Tour dates are:
Feb. 26. London, England Wembley Arena
Feb. 29 Belfast, Ireland Odyssey Arena
March 2 Zurich, Switzerland Hallenstadion
March 4 Mannheim, Germany SAP Arena
More news for Lonestar
CD reviews for Lonestar
Life As We Know It
With the release of its new album, Lonestar celebrates 20 years as a band. The band also welcomed original vocalist Richie McDonald back to the fold for its first full-length album in three years, and they released it through their own label. All of this is great news for fans of the band that since 1995 has sales in excess of 10 million album units and charted 18 Top 10 songs, including 9 number 1s.
Lonestar has clearly found a formula for its music that reaches mainstream country and pop music »»»
Party Heard Around The World
After so many years, most band's develop a sound that when you hear it, you say - "Ah, some REO Speedwagon" or "Swell, some Bee Gees." But when a band, known for a particular sound and a lead singer's voice, in particular, when that lead singer quits and the band presses on with a new singer, sometimes the transition simply doesn't work. Such is the case with Lonestar. This is a band that in recent years was pegged as a milquetoast, "sippy-cup country" »»»
My Christmas List
Lonestar's latest also introduces new vocalist Cody Collins, who proves to be a comfortable fit within this veteran's band's vocal-centric sound. Although music critics are ever in search of musical originality, making a memorable holiday recording does not always mean stuffing the stocking with only new material. Sometimes just a slightly different approach to familiar seasonal sounds is all it takes. And although churches have long incorporated Christmas carols into their »»»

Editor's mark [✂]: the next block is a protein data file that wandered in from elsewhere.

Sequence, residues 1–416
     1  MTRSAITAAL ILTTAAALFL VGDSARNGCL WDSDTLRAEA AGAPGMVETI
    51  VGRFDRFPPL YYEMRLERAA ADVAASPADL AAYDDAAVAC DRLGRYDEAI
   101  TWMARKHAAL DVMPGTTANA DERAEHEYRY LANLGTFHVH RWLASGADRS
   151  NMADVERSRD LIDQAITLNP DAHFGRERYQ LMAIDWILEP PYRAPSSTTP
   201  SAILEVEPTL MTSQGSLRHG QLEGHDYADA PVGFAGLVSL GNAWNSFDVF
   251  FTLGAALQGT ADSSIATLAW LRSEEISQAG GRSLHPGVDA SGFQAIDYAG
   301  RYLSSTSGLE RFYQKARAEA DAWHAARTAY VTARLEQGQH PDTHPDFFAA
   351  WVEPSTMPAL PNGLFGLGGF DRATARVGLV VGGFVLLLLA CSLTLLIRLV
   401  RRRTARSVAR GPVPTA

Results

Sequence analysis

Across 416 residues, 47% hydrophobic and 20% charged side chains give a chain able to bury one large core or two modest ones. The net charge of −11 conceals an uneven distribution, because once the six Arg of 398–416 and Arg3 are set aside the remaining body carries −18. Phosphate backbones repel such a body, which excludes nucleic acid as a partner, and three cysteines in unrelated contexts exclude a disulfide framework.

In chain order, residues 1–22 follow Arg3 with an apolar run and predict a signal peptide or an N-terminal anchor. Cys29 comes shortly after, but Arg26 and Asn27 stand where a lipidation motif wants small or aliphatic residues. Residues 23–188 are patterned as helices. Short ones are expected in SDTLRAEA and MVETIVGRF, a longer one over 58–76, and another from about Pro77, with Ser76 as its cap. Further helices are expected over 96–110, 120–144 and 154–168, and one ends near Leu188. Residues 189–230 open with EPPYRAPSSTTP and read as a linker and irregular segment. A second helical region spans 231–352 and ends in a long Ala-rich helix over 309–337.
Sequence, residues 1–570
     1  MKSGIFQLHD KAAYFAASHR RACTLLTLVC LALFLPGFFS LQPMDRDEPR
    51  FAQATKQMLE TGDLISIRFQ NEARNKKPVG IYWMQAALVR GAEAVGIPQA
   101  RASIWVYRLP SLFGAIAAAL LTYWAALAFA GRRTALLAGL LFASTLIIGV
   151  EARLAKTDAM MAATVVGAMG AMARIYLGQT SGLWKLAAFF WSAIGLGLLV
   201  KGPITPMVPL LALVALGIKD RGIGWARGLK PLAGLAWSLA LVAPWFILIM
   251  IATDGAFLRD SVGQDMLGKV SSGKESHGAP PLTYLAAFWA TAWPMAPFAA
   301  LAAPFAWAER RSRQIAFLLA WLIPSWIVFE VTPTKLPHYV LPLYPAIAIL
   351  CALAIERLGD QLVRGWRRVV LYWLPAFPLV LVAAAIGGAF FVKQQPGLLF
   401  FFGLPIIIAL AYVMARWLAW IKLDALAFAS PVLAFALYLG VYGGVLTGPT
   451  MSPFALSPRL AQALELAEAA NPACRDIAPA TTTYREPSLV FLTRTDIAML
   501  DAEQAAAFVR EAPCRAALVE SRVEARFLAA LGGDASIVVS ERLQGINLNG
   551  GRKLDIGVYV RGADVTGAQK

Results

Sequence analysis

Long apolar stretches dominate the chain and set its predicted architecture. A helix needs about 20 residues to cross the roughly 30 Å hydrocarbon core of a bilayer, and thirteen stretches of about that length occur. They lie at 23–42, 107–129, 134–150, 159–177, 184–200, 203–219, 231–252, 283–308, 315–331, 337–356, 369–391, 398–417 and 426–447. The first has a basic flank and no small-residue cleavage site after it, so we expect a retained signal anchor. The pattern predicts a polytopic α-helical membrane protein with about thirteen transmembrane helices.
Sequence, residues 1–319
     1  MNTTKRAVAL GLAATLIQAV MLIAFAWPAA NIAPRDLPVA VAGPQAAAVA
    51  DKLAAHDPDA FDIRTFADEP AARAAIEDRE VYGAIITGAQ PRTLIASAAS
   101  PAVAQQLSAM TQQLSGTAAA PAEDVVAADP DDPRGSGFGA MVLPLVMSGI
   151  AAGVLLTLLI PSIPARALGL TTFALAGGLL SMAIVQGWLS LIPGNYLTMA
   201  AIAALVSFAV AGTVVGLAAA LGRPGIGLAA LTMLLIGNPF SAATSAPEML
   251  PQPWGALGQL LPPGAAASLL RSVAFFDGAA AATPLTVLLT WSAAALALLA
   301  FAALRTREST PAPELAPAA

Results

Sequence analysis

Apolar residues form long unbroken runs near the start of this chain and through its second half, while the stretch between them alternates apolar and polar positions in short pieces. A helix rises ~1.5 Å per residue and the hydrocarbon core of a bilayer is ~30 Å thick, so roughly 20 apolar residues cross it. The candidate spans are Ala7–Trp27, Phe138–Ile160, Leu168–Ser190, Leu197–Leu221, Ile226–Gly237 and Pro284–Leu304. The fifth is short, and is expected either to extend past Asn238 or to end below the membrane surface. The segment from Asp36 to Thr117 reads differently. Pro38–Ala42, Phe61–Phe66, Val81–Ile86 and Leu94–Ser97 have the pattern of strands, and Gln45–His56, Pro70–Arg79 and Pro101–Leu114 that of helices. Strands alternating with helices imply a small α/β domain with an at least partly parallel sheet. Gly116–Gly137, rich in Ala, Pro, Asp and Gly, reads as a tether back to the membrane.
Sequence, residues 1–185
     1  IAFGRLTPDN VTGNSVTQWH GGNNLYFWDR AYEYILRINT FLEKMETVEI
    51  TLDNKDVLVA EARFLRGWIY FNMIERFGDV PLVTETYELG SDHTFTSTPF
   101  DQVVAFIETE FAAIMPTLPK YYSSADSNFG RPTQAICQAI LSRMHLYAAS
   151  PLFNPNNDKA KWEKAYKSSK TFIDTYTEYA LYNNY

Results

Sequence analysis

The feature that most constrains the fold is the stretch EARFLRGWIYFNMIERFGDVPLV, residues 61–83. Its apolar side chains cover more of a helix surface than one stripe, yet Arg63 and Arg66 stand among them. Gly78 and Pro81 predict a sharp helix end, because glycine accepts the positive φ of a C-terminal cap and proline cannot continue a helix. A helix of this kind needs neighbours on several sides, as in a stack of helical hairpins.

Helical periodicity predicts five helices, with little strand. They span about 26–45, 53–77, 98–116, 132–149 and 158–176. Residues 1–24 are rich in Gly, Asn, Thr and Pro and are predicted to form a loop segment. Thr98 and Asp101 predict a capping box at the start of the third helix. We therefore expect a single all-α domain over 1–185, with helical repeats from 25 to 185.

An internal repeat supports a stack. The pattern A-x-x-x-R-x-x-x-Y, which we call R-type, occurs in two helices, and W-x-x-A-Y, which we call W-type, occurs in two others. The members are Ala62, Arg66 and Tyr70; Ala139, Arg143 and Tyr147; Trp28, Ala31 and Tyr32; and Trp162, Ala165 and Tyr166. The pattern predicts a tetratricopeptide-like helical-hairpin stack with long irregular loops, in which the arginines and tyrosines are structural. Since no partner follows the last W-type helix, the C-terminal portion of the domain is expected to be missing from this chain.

Editorial: Walking the talk
When names like Hank Williams, Johnny Cash, Waylon and the Hag are invoked, you're talking hard core country. These are the touchstones of country , the guys who made country music what it was and still is (or maybe can be). When these folks would sing about being down-and-out and the rough-and-tumble, they knew of what they were singing about. Fast forward a few years to the country singers of today. »»»